In May 2017, Garneau introduced an airline passenger bill of rights to standardize how passengers can be treated by airlines which operate any flights in and out of Canada. The legislation would create minimum compensation rates for overbooking, lost or damaged luggage, and bumping passengers off flights. It would also prohibit airlines from removing people from the flight if they have purchased a ticket and set the standard for tarmac delays and airline treatment of passengers when flights are delayed or cancelled over events in the airline's control, or because of weather conditions.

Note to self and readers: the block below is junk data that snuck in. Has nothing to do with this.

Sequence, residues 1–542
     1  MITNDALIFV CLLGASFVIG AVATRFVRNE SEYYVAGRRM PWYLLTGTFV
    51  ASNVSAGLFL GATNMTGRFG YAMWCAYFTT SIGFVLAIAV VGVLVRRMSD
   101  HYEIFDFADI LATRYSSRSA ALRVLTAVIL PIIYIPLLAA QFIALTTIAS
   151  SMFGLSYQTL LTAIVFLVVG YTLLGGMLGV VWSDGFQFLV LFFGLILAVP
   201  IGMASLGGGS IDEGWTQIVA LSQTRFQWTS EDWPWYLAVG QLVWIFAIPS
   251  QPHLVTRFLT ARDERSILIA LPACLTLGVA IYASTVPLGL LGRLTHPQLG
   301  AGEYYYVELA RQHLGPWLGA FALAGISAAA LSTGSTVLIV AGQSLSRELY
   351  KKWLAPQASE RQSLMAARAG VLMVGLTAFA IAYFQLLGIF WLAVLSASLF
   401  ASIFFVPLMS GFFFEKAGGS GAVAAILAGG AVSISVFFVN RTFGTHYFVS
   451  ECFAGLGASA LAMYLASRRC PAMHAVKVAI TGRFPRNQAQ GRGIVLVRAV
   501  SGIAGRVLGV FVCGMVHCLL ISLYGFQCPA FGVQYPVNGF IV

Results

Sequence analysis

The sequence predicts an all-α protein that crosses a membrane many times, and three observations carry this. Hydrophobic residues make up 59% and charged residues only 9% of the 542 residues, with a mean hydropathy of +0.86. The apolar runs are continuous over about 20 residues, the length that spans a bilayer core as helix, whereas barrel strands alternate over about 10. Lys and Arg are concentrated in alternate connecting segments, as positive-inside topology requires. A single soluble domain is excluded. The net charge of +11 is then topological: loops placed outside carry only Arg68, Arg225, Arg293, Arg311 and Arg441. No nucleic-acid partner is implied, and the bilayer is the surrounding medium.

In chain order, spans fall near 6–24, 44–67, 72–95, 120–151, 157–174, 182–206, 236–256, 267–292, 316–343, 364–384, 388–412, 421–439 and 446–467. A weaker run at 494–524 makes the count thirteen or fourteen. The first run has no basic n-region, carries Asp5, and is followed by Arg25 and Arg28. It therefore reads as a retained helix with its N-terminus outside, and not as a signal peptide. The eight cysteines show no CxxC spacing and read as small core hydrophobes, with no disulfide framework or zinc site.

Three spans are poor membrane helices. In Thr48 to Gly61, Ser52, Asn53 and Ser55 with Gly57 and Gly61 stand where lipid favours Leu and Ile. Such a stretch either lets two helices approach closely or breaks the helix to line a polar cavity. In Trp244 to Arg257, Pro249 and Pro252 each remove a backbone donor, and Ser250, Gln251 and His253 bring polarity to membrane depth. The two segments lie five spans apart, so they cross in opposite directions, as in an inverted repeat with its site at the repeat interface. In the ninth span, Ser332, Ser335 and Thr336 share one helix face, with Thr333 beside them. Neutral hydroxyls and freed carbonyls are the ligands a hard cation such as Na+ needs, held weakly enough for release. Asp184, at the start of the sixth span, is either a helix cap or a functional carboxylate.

In March 2019, after days of initial refusal to take actions following the crash of Ethiopian Airlines Flight 302, Garneau finally agreed to ground and prohibit all Boeing 737 Max aircraft from flying in Canadian airspace. This stood in contrast to the ministry's previous stance, where he insisted the plane was safe to fly, thus making Canada one of the only two nations still flying a substantial number of Boeing 737 Max planes at the time. Garneau even went so far as saying he would board 737 MAX 8 "without hesitation", as an apparent show of support for the Boeing Company.
Currently, Marc Garneau is 73 years, 4 months and 3 days old. Marc Garneau will celebrate 74th birthday on a Thursday 23rd of February 2023.